Although extensively researched, due to the rapid development of technological capabilities, the area is still under-theorised, particularly for jurisdictions outside the United States and the United Kingdom. In Ireland, for instance, there is very little concrete information available, and there is almost no peer-reviewed literature specific to this jurisdiction. 

This project involves undergraduate, postgraduate (taught) and research students developing an essential knowledge basis on law tech, data analytics, AI and other recent innovations in the legal industry around the world. These students will apply this knowledge to research key topics such as potential pitfalls or opportunities in access to justice, the digital divide, and algorithmic equality. 

It would be of particular interest to students in law, business, or information technology/information systems degrees, but would also welcome anyone with an interest in social justice, economic opportunities, or historic change.

Cardiovascular Health for All

PI: Dr Oonagh MeadeDr Lisa Hynes & Dr Anne Browne

College: College of Arts, Social Sciences and Celtic Studies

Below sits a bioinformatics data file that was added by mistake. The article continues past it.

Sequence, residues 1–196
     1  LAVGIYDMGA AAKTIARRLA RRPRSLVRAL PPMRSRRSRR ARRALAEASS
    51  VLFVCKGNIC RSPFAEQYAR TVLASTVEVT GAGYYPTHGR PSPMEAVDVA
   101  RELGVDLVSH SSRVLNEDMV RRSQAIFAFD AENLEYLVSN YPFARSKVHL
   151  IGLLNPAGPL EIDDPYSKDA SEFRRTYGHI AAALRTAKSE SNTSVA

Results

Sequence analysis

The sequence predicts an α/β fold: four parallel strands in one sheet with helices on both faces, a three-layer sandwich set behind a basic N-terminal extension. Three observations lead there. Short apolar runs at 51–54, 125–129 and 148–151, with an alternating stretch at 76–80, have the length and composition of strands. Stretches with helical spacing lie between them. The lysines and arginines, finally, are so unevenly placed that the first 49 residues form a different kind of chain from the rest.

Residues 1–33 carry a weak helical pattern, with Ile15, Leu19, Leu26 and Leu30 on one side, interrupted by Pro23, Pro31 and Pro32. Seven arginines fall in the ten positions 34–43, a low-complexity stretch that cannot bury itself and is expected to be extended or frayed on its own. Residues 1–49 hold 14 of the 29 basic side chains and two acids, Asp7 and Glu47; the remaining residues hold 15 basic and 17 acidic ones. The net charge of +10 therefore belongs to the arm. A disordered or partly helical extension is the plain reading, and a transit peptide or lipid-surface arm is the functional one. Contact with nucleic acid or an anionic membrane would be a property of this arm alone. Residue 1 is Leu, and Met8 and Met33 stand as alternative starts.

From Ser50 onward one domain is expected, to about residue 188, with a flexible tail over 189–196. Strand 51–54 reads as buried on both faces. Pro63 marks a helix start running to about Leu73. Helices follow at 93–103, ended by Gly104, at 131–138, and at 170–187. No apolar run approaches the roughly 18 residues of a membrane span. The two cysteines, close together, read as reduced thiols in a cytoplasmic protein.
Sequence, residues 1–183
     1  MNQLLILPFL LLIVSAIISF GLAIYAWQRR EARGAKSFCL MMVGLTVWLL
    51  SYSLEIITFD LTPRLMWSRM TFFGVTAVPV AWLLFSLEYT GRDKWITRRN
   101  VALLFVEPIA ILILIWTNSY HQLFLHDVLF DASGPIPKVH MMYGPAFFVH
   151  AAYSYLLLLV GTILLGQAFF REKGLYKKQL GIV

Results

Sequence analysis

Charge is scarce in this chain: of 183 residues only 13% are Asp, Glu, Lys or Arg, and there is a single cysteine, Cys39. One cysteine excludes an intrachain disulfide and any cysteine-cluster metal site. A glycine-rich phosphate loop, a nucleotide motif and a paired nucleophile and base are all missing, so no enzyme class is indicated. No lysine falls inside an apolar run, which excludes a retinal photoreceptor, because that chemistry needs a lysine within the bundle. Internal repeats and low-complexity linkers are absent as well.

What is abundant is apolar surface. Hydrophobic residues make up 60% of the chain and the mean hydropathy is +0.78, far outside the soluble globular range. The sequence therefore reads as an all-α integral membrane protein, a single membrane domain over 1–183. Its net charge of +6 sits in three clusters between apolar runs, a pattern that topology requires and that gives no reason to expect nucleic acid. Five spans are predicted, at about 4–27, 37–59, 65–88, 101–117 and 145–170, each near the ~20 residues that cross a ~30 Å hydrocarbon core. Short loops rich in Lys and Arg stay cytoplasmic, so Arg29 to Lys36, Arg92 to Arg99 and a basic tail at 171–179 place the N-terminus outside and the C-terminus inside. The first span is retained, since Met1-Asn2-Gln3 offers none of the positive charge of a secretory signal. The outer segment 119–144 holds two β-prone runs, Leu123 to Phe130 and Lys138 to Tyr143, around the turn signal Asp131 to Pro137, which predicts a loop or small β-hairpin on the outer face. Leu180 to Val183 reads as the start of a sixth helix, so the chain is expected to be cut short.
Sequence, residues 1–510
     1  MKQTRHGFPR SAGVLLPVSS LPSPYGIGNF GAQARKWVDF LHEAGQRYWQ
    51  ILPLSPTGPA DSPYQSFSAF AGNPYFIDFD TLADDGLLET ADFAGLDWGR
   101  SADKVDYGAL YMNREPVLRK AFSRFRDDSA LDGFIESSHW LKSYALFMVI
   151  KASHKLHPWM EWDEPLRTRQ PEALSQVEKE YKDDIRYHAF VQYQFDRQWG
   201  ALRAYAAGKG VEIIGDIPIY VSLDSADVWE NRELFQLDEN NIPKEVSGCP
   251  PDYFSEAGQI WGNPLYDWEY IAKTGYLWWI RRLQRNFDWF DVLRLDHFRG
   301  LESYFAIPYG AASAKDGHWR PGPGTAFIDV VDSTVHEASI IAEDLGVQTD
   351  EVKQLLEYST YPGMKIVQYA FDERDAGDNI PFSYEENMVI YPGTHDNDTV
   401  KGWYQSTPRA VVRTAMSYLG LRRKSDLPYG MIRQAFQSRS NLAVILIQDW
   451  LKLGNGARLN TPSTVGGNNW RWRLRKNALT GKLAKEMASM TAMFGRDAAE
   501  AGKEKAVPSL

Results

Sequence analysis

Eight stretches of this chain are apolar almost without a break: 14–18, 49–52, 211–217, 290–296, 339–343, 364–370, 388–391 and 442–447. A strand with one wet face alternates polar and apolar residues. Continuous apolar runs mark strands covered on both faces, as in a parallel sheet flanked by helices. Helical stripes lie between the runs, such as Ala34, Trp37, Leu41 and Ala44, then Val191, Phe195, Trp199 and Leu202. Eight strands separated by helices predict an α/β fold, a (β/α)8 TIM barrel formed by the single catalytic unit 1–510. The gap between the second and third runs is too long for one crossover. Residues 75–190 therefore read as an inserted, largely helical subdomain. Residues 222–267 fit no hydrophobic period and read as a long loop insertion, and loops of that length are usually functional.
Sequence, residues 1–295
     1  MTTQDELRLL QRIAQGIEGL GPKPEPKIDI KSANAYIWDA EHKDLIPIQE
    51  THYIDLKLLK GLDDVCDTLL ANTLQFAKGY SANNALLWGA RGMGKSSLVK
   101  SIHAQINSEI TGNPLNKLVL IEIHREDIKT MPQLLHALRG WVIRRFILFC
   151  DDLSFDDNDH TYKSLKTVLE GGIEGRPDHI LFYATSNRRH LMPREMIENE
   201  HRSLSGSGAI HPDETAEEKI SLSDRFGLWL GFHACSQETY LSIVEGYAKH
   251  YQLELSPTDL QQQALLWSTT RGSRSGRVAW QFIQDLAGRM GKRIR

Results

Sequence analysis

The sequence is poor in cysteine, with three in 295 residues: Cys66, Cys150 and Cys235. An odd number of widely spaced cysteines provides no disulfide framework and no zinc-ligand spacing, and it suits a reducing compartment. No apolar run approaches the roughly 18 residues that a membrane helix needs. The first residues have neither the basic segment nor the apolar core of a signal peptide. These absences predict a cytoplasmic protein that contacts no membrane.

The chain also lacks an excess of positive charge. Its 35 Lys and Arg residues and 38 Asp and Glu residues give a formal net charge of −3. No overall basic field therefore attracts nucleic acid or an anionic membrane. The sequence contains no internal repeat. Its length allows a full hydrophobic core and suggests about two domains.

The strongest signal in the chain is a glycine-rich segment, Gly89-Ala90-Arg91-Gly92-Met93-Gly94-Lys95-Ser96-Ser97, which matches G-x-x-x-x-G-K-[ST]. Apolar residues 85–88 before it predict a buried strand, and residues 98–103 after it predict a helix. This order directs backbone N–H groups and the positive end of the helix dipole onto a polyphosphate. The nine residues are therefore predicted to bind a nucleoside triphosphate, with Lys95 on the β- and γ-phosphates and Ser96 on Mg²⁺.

Community Partner: Croí Heart and Stroke Charity

The Cardiovascular Health for All is a partnership between the Health Behaviour Change Research Group and Croí Heart and Stroke Charity. The project aims to support the development and evaluation of community-based health interventions at Croí. The aim of these interventions are to prevent cardiovascular disease and to promote health and well-being for those living with cardiovascular disease. Developing and evaluating interventions to support people with cardiovascular disease requires input from people working from many different disciplines (e.g. physiotherapy, nursing, occupational therapy, psychology, medicine). Students on this project will gain experience in a wide range of research activities, including working with the Croí Patient and Public Involvement group to shape research plans, collecting and analysing information for pilot health interventions, sharing research with academic and non-academic audiences.